The Hottest Dishes of Tartar Cuisine
By: Alina Bronsky
Format/Source: Paperback; my purchase
When she discovers that her seventeen-year-old daughter, “stupid Sulfia,” is pregnant by an unknown man she does everything to thwart the pregnancy, employing a variety of folkloric home remedies. But despite her best efforts the baby, Aminat, is born nine months later at Soviet Birthing Center Number 134. Much to Rosa’s surprise and delight, dark eyed Aminat is a Tartar through and through and instantly becomes the apple of her grandmother’s eye. While her good for nothing husband Kalganow spends his days feeding pigeons and contemplating death at the city park, Rosa wages an epic struggle to wrestle Aminat away from Sulfia, whom she considers a woefully inept mother. When Aminat, now a wild and willful teenager, catches the eye of a sleazy German cookbook writer researching Tartar cuisine, Rosa is quick to broker a deal that will guarantee all three women a passage out of the Soviet Union. But as soon as they are settled in the West, the uproariously dysfunctional ties that bind mother, daughter and grandmother begin to fray.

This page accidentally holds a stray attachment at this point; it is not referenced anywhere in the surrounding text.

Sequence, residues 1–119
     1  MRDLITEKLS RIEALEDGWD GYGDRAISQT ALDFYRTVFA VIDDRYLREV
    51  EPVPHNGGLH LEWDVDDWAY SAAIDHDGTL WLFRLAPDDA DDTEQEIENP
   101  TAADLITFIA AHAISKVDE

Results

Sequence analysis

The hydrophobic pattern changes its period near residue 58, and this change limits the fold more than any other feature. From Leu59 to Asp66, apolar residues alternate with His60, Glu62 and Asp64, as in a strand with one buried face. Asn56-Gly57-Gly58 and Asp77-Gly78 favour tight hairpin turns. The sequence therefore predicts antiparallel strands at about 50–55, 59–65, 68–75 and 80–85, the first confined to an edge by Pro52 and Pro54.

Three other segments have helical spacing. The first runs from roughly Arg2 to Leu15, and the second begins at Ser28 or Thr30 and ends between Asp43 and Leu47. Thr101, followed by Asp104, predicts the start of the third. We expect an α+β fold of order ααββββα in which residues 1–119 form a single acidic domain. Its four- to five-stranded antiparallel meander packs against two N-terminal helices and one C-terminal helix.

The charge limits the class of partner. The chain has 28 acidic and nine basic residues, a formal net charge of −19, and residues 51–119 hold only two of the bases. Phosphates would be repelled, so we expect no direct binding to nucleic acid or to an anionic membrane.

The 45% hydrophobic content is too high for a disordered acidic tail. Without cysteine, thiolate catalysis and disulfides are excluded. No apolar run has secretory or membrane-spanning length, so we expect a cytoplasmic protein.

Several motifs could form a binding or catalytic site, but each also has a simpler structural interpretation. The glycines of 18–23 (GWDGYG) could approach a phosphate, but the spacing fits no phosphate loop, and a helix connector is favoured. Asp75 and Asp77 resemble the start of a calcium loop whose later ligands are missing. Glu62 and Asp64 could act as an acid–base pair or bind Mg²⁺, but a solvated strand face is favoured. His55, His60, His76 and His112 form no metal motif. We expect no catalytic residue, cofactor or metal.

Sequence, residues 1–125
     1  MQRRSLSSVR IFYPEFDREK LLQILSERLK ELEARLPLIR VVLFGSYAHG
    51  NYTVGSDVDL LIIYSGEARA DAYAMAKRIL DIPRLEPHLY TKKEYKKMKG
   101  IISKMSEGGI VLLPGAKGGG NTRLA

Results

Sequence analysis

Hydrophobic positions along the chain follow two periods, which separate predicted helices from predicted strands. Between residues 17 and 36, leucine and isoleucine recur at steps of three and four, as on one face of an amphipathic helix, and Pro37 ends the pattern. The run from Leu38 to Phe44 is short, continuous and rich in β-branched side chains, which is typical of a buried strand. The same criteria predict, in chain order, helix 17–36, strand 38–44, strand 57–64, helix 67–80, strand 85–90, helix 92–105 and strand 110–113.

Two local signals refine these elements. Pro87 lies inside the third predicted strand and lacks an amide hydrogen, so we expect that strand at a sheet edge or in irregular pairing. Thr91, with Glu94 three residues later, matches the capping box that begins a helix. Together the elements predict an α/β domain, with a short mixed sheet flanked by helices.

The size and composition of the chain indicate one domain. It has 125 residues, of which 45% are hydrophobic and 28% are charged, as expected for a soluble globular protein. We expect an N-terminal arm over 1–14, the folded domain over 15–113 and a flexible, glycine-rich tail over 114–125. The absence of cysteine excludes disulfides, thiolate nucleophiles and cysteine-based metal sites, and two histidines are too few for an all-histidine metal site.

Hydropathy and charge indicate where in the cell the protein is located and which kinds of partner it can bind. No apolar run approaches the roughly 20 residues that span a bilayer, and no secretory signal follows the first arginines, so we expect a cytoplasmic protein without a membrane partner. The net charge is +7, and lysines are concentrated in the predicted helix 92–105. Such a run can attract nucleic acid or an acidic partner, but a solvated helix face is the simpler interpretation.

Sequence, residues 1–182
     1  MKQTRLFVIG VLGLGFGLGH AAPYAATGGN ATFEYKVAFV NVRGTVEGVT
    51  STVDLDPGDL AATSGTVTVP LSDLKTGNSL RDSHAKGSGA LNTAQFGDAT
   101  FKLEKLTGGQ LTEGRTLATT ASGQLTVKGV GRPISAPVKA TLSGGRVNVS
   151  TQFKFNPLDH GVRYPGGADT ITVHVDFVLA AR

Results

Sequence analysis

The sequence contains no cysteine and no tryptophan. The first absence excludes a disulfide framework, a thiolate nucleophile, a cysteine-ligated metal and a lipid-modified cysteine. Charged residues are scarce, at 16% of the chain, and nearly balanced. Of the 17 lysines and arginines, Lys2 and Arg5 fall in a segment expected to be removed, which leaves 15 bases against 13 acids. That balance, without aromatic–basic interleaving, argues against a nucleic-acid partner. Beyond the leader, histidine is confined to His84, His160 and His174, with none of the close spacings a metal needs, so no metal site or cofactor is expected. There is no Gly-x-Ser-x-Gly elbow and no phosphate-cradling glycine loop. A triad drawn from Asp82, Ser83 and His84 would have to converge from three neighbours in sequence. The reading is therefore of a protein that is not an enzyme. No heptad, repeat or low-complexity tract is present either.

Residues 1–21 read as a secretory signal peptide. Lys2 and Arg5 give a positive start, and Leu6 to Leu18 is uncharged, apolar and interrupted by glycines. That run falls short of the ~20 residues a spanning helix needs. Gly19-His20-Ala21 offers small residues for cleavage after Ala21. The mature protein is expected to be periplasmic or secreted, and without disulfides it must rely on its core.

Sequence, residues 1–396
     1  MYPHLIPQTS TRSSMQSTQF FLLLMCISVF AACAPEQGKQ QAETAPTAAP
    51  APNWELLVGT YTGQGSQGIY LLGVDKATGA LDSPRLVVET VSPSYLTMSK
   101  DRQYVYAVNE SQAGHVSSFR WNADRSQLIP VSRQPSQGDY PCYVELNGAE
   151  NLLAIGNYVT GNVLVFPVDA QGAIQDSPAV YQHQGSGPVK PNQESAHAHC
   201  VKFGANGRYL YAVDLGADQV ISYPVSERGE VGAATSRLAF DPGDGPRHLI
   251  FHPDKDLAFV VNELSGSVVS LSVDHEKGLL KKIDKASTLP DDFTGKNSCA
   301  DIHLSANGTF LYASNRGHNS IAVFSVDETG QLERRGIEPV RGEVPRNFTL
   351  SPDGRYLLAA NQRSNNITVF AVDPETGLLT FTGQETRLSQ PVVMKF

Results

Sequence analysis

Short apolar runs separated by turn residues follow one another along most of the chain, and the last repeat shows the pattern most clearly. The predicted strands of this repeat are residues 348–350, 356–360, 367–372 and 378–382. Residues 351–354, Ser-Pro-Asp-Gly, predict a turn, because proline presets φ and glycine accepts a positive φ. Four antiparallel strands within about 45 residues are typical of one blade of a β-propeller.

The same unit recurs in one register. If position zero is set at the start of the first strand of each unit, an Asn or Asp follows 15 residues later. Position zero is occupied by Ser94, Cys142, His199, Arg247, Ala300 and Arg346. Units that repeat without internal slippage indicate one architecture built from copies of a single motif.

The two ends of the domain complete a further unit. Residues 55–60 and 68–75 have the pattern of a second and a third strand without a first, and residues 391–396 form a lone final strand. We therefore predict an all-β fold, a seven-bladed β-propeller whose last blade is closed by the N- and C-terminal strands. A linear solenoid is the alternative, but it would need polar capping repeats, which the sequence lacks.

I believe I first encountered this book while browsing a list on GoodReads on translated literature. The premise sounded oddly amusing, but it’s also placed in a setting that I like reading from (in and around the Soviet period) plus I read good things about the author online (award-winning and all). So I finally caved last year and picked it up after staring at it for a good long time 🙂